Bill Ozier is a Nashville native. He graduated from Vanderbilt University in 1966 and from Vanderbilt Law School in 1969 where he was in the first class of Patrick Wilson merit scholars. He went to work for the Nashville law firm of Bass, Berry & Sims where he spent his entire career— most of it as a labor & employment lawyer representing management. Over his career he represented employers all over the state of Tennessee including both Fortune 500 companies and locally owned businesses. One of his major clients over his career was Vanderbilt University. He represented the University in a wide variety of mostly employment related matters including a number of cases brought by faculty members contending that they had been denied tenure because of their race or gender.
Bill has served several terms on the Executive Committee of Bass, Berry & Sims and 6 years as managing partner. Bill was selected in the first edition of Best Lawyers in America and continued to be among that list for over 35 years . He was also listed in many other “best” lists and was named “Management Employment Lawyer of the Year” for Nashville by Best Lawyers in 2012. He was inducted into the College of Labor and Employment Lawyers in 2002. Bill served on the Board of Directors of both the Tennessee Chamber of Commerce and Industry and Tennessee Business Roundtable. He was General Counsel of the Board for the Tennessee Chamber from 2008-2011 and Chairman of the Board from 2012-2014. He retired from the practice of law at the end of 2017 and joined the NSPS as a volunteer.
Bill has assisted in numerous NSPS work sessions and has assisted the organization in fund raising activities. Bill has had a long time fascination with railroads and after having model railroads as a child , he returned to the hobby in the early 70’s. After giving up the hobby as his children began to take more of his non-work time, he recently returned to “modeling” along with his efforts on behalf of restoring No. 576.
Mayor of Nashville from 1999 – 2007. After leaving office, Bill Purcell served as the Founding Dean of the College of Public Service and Urban Affairs at Tennessee State University and then became the Director of the Institute of Politics at the Harvard Kennedy School and served as a Lecturer there. Since returning to Nashville, he teaches the undergraduate course Cities in the 21 st Century (PPS 3890) at Vanderbilt University where he is an Adjunct Professor of Public Policy. From 1986 to 1996 was a member of the Tennessee House of Representatives, serving as Majority Leader from 1990 until 1996. He is a partner in the law firm of Farmer Purcell White & Lassiter, PLLC in Nashville and serves as Chair of the Roundtable on Obesity Solutions at the National Academies of Sciences, Engineering, and Medicine in Washington, DC.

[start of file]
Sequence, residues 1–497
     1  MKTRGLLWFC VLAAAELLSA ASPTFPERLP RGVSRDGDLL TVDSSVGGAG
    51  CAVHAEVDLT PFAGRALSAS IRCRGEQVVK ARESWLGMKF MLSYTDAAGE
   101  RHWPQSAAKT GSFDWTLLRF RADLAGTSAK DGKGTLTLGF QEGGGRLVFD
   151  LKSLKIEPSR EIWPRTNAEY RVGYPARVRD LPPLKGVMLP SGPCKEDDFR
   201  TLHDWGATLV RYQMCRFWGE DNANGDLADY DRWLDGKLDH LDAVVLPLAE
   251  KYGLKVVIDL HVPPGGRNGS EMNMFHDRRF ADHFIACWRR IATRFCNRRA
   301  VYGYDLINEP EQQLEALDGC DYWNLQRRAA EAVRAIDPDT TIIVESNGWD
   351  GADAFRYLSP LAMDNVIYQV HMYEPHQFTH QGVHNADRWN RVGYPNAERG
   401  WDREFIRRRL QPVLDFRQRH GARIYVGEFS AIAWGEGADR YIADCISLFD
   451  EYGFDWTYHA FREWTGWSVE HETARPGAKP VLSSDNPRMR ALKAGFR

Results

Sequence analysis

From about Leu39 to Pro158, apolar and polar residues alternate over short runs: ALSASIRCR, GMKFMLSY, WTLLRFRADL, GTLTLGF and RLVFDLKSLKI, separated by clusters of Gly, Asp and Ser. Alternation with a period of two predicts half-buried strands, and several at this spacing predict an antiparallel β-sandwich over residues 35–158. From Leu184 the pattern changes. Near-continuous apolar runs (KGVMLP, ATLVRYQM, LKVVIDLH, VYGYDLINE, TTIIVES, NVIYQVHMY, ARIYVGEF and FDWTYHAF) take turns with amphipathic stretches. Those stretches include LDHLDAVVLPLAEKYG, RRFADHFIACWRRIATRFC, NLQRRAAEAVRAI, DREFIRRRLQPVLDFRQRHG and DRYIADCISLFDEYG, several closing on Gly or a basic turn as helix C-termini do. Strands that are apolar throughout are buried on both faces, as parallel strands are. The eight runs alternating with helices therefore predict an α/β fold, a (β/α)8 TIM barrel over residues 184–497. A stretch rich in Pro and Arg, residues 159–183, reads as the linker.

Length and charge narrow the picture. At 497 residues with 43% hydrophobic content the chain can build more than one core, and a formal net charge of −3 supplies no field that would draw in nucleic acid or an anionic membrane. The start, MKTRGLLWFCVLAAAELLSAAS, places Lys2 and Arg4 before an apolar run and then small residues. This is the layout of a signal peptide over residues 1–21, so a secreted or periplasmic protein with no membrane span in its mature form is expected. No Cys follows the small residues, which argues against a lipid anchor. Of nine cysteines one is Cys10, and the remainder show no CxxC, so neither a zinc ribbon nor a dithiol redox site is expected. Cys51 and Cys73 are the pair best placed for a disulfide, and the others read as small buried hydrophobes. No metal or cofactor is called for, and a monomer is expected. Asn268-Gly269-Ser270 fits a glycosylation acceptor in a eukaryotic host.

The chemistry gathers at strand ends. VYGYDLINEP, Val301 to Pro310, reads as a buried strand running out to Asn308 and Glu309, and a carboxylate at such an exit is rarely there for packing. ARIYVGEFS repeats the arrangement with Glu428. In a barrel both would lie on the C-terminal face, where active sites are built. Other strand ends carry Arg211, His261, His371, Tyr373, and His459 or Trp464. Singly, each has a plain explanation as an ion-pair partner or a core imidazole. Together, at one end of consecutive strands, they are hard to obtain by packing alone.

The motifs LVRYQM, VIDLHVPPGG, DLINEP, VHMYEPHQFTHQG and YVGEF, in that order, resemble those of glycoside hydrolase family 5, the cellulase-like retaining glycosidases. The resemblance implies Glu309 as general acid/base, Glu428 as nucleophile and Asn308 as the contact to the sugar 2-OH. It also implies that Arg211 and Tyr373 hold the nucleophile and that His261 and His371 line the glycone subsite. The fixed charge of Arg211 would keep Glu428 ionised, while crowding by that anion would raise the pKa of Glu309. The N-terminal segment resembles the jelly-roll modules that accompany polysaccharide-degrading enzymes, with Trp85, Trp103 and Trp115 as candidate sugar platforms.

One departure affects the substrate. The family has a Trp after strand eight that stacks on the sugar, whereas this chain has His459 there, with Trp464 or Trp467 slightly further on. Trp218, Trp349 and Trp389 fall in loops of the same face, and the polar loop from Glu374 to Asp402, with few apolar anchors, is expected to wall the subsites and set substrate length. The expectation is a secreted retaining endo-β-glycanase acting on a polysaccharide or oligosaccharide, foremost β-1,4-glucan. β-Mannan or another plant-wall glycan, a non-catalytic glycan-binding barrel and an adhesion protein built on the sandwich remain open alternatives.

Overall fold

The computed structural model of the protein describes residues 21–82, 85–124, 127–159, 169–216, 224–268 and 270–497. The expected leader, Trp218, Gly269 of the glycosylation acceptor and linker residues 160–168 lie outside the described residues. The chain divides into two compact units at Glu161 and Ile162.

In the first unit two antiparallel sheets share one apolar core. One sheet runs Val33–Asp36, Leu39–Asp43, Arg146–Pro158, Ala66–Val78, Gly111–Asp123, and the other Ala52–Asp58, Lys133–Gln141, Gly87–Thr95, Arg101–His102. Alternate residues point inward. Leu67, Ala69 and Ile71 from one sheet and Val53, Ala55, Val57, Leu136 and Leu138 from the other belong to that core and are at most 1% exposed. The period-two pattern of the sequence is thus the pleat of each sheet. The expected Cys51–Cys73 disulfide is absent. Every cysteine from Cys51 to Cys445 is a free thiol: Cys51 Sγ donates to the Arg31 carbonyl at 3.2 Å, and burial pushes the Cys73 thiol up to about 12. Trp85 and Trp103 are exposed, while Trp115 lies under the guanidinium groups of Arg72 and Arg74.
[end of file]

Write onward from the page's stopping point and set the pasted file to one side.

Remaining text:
Henry “Hank” Sherwood
Hank Sherwood joins the NSPS Advisory Committee with a carrer in marketing. Originally from Crown Point, Indiana, Hank attended and graduated from the Art Institute of Chicago, St. Joseph College, and the Ringling School of Art. He began his carrer in Chicago working for advertising agencies such as Fulton-Morrissey, Goodyear Truck Tires, U.S. Gypsum Co, Overhead Door Co, and the Illinois Central Gulf Railroad to name a few.
Hank moved to Nashville in 1969 and continued his marketing career serving many noteable clients before co-founding Gish, Sherwood & Friends where he served as Executive Vice President. Starting with only 3 people, upon his retirement, the firm had grow to over 60 employees. His company continues to thrive and is known today as simply GS&F.
Hank has always been a train buff, having a grandfather, T.C. Sherwood, who was an engineer and would take young Hank to the roundhouse and put him in the engineer’s seat of a steam locomotive. Hank is also a member of the Tennessee Central Railroad Museum and the Mid-South Live Steamers. He has built two operatting 1/8th scale steam locomotives and says in building the two engines, he really learned how a steam locomotive worked.